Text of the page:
×

Uh-oh, it looks like your Internet Explorer is out of date.

For a better shopping experience, please upgrade now.

Adams: A Flowering Tree
     

Adams: A Flowering Tree

5.0 2
by John Adams
 
The New Yorker’s Alex Ross has called the score for John Adams’ beguiling new opera, A Flowering Tree, “opulent, dreamlike, fiercely lyrical, at times shadowy and strange—unlike anything that the fifty-nine-year-old composer has written.” The San Francisco Chronicle concurred, noting that Adams’ work has “all the dreamlike sweetness and shadow of

Overview

The New Yorker’s Alex Ross has called the score for John Adams’ beguiling new opera, A Flowering Tree, “opulent, dreamlike, fiercely lyrical, at times shadowy and strange—unlike anything that the fifty-nine-year-old composer has written.” The San Francisco Chronicle concurred, noting that Adams’ work has “all the dreamlike sweetness and shadow of a fairy tale.” Variety describes Adams’ music as “his most lush and erotic to date.”

A Flowering Tree was commissioned for the 2006 Vienna New Crowned Hope Festival to celebrate the 250th anniversary of Mozart’s birth. Adams became involved at the behest of the director – and longtime friend/collaborator – Peter Sellars, who organized this visionary event and extended invitations to musicians and artists of various disciplines from around the world. Given the festival’s global sensibility, Adams took the framework of Mozart’s The Magic Flute, a tale of physical and spiritual transformation, and created a new work with a parallel scenario by adapting ancient Indian folk tales and poetry. The libretto, co-written with Sellars, is sung in English, except for chorale passages written in Spanish especially for the Scola Cantorum de Caracas – “an extraordinary amateur chorus,” as The New York Times has called them, based in Venezuela – who were brought over to perform at the premiere. Adams was making a deeper point with his bilingual text: “Using two languages is also a reaffirmation of my feeling that we are living in a time of global cultural awareness, with all its pain and wonder.”

The performances on this two-disc set, which includes extensive liner notes and the complete libretto, were recorded at the Barbican Center, London, in August 2007, with the London Symphony Orchestra and the same vocalists who performed in Vienna; the composer conducts. Says Variety, “Jessica Rivera is reedy, gorgeous and sensitive as Kumudha; Russell Thomas makes a sweet, heroic prince; and Eric Owens is a mesmerizing, multifaceted Storyteller.”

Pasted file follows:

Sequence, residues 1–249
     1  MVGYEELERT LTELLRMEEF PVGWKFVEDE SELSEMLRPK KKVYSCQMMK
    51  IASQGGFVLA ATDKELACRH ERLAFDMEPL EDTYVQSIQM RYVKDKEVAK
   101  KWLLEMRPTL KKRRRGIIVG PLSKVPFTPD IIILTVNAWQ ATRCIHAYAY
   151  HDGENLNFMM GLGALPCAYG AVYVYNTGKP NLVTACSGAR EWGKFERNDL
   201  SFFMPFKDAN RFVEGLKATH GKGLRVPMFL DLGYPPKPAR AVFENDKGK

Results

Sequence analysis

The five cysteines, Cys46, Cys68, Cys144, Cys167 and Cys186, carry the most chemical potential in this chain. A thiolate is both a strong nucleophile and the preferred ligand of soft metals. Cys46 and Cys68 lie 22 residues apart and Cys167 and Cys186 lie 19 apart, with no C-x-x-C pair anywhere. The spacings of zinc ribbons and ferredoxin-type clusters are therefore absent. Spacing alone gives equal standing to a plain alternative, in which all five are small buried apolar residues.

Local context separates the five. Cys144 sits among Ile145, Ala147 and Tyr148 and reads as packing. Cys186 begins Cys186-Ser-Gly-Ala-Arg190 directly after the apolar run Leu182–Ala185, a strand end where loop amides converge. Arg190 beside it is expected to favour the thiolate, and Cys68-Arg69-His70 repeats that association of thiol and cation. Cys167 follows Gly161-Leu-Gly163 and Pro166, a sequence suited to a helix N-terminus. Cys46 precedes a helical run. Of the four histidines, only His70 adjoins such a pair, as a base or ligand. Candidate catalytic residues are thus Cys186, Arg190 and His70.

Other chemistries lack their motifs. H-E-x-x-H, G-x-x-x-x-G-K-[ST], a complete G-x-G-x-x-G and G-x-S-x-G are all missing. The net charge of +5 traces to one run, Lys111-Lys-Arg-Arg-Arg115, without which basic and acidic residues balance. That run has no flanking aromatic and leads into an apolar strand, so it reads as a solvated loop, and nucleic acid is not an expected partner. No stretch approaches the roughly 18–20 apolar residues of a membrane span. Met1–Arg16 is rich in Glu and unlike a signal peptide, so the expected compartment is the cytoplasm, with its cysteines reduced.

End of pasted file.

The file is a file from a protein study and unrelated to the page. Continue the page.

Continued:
Adams and Sellars have worked together for more than two decades; audacious and important projects like Nixon In China and The Death Of Klinghoffer, both released on disc by Nonesuch, have been debated and celebrated for years. A Flowering Tree has been acclaimed in every city where it has been has been performed. Says Adams, “Opera is the rare art form that can address the grand themes of human existence. I’ve taken on very large themes in my operas - the clash of cultures (Nixon in China), terrorism and intolerance (The Death of Klinghoffer), birth and rebirth (El Niño), the atomic bomb (Doctor Atomic) and now youth, transformation and magic (A Flowering Tree). Opera, with its potent mix of music, text, gesture, light and imagery, can penetrate the psyche of the audience in a way no other art can.” From the Label

Product Details

Release Date:
09/23/2008
Label:
Nonesuch
UPC:
0075597996517
catalogNumber:
327110
Rank:
181159

Tracks

Album Credits

Performance Credits

John Adams   Primary Artist,Conductor
London Symphony Orchestra   Performing Ensemble
Jessica Rivera   Soprano (Vocal)